Rat Hole, Gaping Gill facts for kids
Quick facts for kidsRat Hole
Entrance to Rat Hole
|Location||Ingleborough, North Yorkshire, England|
|OS grid||SD 7509 7273|
|Depth||107 metres (351 ft) (To floor of Gaping Gill Main Chamber)|
|Length||200 metres (660 ft)|
|Elevation||403 metres (1,322 ft)|
Rat Hole is one of the entrances to the Gaping Gill cave system, located in the north bank of Fell Beck 30 metres (33 yd) upstream of Gaping Gill Main Shaft. A small, awkward, tube-like passage descends into a stream passage, and hence to a 100-metre (330 ft) shaft into Gaping Gill Main Chamber. The sharp and loose nature of the rock, and the quantity of water prevented full exploration for over 80 years, but the current route is described in one guide book as "a technical and exhilarating adventure". It lies within the designated Ingleborough Site of Special Scientific Interest.
Rat Hole is an inlet feeding the Gaping Gill main shaft complex.
A snug crawl of about 25 metres (82 ft) with a few bends passes a couple of minor inlets before dropping down a 3 metres (10 ft) climb. The passage below almost immediately joins a stream passage flowing from the left, carrying the Rat Hole Sink water.
Upstream, easy going leads to the Rat Hole Sink entrance. Downstream leads after a few metres to a 5 metres (16 ft) pitch at the bottom of which the water disappears down a gully, the way on being across some chock stone boulders to the main pitch. A descent of this is objectively dangerous, as it takes all the water and passes areas of sharp, tottering flakes. The current route descends a few metres but then swings into the rift to the east. From here a pendulum traverse leads to a ledge overlooking the impressive adjacent Mousehole (pronounced) shaft.
Above the ledge an aven leads to a small inlet passage. Across the pitch, a traverse leads to a draughting passage which passes under two small avens before becoming too tight.
Mousehole terminates in a floor with a window through to the Gaping Gill rift, but the route deviates to the south and finishes on a large well-watered scoop-shaped ledge after a 49 metres (161 ft) descent. A short traverse to the east leads to the final 35 metres (115 ft) pitch, which lands in the Main Chamber.
Rat Hole Sink is located 10 metres (33 ft) upstream of the main entrance where the water sinks. The entrance is normally covered with a grating. Below this a squirm downwards leads straight into the upstream passage of Rat Hole. When the stream is diverted, Rat Hole Sink provides easier access to the Rat Hole pitches than the traditional entrance.
During the Yorkshire Ramblers' Club initial explorations of Gaping Gill the entrance to Rat Hole was buried under a bank of boulder clay, but this had washed clear by 1909. The cave was explored by C. Wingfield and E. Addyman as far as the junction with the main stream, and was surveyed by H. Brodrick and L. Slingsby, and with Wingfield, explored as far as the big pitch. This was plumbed to a ledge 33 metres (108 ft) above the Main Chamber floor in 1912 by Wingfield, which he succeeded in reaching in 1913 by traversing across from Lateral Shaft, which was used at the time for winch descents.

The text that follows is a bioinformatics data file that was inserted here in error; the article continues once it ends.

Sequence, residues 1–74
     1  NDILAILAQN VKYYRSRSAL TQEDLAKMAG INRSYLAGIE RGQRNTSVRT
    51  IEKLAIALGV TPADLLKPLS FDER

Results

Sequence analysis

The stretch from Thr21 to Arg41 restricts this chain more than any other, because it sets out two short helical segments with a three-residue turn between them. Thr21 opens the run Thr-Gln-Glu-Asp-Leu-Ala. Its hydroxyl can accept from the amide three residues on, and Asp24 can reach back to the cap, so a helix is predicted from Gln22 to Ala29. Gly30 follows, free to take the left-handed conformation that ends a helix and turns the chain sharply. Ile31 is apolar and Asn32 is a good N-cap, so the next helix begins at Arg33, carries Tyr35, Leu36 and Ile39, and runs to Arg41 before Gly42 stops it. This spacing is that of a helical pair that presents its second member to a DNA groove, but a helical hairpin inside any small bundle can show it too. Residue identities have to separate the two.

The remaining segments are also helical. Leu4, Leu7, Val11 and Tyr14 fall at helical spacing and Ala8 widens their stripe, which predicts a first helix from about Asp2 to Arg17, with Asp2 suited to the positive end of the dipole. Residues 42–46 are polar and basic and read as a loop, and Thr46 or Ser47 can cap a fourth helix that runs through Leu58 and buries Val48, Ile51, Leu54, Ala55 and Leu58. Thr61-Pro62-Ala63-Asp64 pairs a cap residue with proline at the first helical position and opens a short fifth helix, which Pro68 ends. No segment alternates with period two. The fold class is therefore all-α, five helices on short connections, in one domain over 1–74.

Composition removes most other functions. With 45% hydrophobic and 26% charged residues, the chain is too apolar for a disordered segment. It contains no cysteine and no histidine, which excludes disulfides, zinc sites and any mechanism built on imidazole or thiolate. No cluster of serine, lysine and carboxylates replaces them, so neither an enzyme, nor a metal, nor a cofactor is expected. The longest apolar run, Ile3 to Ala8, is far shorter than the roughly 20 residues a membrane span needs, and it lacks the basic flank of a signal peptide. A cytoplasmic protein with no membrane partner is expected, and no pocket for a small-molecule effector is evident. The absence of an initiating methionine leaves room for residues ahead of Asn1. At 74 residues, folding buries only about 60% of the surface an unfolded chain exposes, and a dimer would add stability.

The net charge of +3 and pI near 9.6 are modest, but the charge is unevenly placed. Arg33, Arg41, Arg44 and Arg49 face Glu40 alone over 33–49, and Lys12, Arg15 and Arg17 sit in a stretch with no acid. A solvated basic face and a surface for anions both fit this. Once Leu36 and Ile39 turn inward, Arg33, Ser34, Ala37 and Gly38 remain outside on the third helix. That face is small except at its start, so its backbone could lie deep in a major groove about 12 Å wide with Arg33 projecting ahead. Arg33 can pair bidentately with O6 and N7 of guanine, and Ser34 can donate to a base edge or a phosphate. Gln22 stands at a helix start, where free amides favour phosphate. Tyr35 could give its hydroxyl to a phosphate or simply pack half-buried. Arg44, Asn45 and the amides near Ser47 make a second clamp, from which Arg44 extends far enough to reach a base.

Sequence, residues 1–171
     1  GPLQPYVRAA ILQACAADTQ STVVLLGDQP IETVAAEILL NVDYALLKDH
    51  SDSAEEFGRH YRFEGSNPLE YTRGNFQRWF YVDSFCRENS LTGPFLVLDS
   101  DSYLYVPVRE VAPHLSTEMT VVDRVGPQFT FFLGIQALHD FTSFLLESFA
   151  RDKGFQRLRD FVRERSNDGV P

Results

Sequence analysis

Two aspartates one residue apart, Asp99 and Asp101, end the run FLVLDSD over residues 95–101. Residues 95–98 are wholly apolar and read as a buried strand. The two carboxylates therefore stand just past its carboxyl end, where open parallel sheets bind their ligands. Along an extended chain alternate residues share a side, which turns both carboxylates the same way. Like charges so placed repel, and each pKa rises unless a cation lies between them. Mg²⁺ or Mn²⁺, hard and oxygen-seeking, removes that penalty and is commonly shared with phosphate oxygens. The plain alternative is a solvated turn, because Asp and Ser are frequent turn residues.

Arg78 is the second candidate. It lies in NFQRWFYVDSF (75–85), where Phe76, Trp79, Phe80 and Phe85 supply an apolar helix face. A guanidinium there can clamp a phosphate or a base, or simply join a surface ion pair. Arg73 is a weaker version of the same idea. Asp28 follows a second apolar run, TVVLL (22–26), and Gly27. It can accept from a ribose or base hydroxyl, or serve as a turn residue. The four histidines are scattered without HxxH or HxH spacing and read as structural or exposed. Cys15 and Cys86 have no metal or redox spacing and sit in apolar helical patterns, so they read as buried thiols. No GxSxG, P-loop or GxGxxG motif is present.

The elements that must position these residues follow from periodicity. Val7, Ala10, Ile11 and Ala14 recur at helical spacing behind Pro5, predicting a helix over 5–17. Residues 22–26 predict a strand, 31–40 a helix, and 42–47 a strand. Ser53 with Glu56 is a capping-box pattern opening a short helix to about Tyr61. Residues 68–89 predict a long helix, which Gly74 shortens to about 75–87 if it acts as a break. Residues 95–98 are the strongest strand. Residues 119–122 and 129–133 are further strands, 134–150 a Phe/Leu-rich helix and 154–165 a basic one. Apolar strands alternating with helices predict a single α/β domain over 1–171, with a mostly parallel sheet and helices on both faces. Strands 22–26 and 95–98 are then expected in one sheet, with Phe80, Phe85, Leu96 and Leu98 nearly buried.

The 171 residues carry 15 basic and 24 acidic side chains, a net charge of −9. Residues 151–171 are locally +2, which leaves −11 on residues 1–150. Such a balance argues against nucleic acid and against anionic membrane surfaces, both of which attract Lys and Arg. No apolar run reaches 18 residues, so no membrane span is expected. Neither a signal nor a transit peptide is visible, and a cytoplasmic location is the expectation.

Rat Hole Sink was first identified as a major water sink by the Yorkshire Ramblers' Club in 1912 when they were conducting a survey of Fell Beck, its sinks, and associated passages. It was referred to as both P14 and Rat Hole Sink.
In 1935, Craven Pothole Club took up the challenge of the undescended big pitch and after dragging in over 70 metres (230 ft) of rope ladder with associated lifelines, Arnold Waterfall and Edgar Smith achieved the first descent into Main Chamber, but no one made the ascent.
Interest in Rat Hole then waned, and by 1960 the entrance passage was choked. In 1983 the Craven Pothole Club started to dig out the sink, P14, as well as the entrance to Rat Hole itself, and continued their efforts the following year. P14 was the first to go and was named Rat Hole Sink, and the main entrance succumbed soon after.
An attempt was then made to rig the pitch for SRT. One member started the descent but soon found himself amidst a forest of sharp and loose flakes. He reached the main ledge at −60 metres (−200 ft) and decided to retreat. This plan was foiled when he discovered that the rope had almost cut through 10 metres (33 ft) above the ledge, and he had to return to the ledge leaving some of his ascending gear still attached to the rope. He then had a draughty wait for several hours before someone in the Main Chamber was able to confirm that his second rope reached the floor.
Mike Wooding and John Gardner picked up the baton in late 1985, and in establishing a safer SRT route, discovered the Mousehole shaft which proved to be the key to the modern descent. They entered it about 15 to 20 metres (49 to 66 ft) from the top, and were intrigued by an inlet coming in from the roof. By hanging a rope through a small hole in a calcite chamber above the first pitch they were able to pendulum across at a higher level, and traverse into the inlet series.
The route was P-bolted and straightened up by Mike Wooding in 2004 / 2005, and in doing so he climbed an aven to a small passage above the first stance in Mousehole.
Rat Hole, Gaping Gill Facts for Kids. Kiddle Encyclopedia.